• April 1, 2016 at 1:01 am
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      Everyone needs travel! It opens your eyes, mind, heart, soul…as they say, it’s the one thing you buy that makes you richer. We are glad you enjoyed the photos and hopefully they inspired a little wanderlust.

  • March 31, 2016 at 10:57 pm
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    Wow, those are some incredible photos! What an amazing, once in a lifetime journey! Antarctica, and especially the penguins are one of the top items on my bucket list.

    • April 1, 2016 at 12:45 am
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      Antarctica is beyond amazing. Seeing a few penguins would be fantastic but you literally see thousands here!

  • April 1, 2016 at 12:27 pm
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    This would be an amazing adventure. I would love to see the Gentoo Penguins.

  • April 1, 2016 at 4:13 pm
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    Wow! All those photos are amazing. What a beautiful place. I know this would be a wonderful place to go for my husband. He has always wanted to go somewhere like that. I would absolutely love to see penguins!

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  • April 1, 2016 at 4:40 pm
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    This looks like such an awesome adventure! How beautiful are these sites!

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  • April 1, 2016 at 10:47 pm
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    Oh wow, what an adventure. Your photography is amazing too!

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  • April 2, 2016 at 9:09 am
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    Wow, that is just amazing. I have got to see this in person some day. Your photos are wonderful and make me want to got there.

  • April 3, 2016 at 9:22 am
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    WOW!! What an experience of a lifetime!!! My son is obsessed with Antarctica (he’s 6), and would LOVE to go!!! So beautiful. I love your photography!

    • April 3, 2016 at 10:47 am
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      Love that your son is already obsessed with Antarctica…with good reason! Try and go together someday, it will be unforgettable!

  • April 3, 2016 at 7:45 pm
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    Wow, it looks beautiful out there but man, it makes me shiver, brrrr..

  • April 4, 2016 at 9:30 am
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    Goodness you are so adventurous. I’d love to just take off and travel the world. We don’t get snow here so I’m amazed at your photos. I’d love to spend time at Cuverville Island.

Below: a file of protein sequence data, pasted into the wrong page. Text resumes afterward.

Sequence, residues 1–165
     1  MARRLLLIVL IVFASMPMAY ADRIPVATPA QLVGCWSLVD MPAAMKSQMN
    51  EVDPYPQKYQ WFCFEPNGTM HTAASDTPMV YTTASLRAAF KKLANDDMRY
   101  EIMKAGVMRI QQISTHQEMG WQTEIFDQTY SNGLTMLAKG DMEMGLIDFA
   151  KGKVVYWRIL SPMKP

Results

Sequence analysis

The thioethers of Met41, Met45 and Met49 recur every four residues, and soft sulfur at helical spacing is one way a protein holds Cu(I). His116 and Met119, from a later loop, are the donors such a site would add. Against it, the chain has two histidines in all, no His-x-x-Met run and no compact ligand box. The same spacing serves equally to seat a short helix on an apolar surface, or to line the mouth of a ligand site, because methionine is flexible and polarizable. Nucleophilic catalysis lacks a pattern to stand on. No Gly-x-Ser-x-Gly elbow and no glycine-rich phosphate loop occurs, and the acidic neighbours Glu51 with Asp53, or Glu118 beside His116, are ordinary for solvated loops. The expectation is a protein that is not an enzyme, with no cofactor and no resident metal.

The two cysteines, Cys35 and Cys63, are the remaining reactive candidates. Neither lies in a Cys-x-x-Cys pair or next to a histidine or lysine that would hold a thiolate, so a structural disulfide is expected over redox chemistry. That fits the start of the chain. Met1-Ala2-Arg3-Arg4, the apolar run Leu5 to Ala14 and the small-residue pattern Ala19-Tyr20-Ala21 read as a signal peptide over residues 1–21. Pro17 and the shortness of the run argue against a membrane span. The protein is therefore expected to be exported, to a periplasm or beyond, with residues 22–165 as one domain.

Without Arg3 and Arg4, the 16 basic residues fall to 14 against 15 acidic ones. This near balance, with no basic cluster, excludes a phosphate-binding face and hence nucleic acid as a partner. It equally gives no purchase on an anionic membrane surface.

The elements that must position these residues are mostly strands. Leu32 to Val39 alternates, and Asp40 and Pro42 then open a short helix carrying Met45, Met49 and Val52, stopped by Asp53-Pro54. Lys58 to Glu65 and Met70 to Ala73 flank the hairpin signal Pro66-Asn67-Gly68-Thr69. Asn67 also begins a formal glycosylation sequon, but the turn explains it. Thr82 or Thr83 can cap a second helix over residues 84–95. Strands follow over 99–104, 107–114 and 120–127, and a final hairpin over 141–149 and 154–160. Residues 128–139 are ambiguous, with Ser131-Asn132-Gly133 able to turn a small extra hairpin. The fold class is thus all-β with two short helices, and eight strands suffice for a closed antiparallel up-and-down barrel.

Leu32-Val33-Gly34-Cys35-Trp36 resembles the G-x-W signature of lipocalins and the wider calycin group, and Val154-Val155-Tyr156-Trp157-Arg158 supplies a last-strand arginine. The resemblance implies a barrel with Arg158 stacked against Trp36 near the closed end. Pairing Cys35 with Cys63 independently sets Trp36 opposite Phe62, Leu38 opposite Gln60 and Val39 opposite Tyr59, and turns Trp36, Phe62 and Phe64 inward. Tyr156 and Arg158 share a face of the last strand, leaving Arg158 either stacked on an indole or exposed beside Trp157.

• April 4, 2016 at 12:14 pm
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    Congratulations on reaching continent #7! Since visiting Perito Moreno and being in total awe of the beauty of the ice, I’ve been dying to go to Antarctica. Your photos are amazing and certainly inspire wanderlust

    • April 4, 2016 at 4:30 pm
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      The big ice hike on Perito Moreno totally sparked our love for these kinds of expeditions too! It is like Perito Moreno…but everywhere you look!

  • April 4, 2016 at 12:29 pm
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    I am so envy with this adventure, I am not really a fond of winter especially the freezing temperature. But I do not care at all if the view is like this and I been wanted to experience the penguins and seals watching this is like heave to me . I can’t get over your videos and photos. – Chelsea L.

    • April 4, 2016 at 4:28 pm
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      Chelsea, the wildlife sightings were incredible. We saw nearly we saw over 100 whales and seals, and 1000s upon 1000s of penguins. Then the ice is so beautiful, you will not be focusing on the weather, trust us…it’s worth it.

  • April 11, 2016 at 11:44 pm
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    This looks absolutely amazing. Hopefully I can visit one day.

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  • June 28, 2016 at 5:41 pm
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    This is such an incredible journey and accomplishment- my breath is completely taken away!

    • July 1, 2016 at 12:36 am
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      Steph, Antarctica was mind-blowing. Absolutely worth the hype and efforts to get there! Thanks for your comment, Principe!

  • July 1, 2016 at 12:39 am
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    Five ain’t too shabby 😉 Even seven continents in, there is so much more world to see! #NeverStopExploring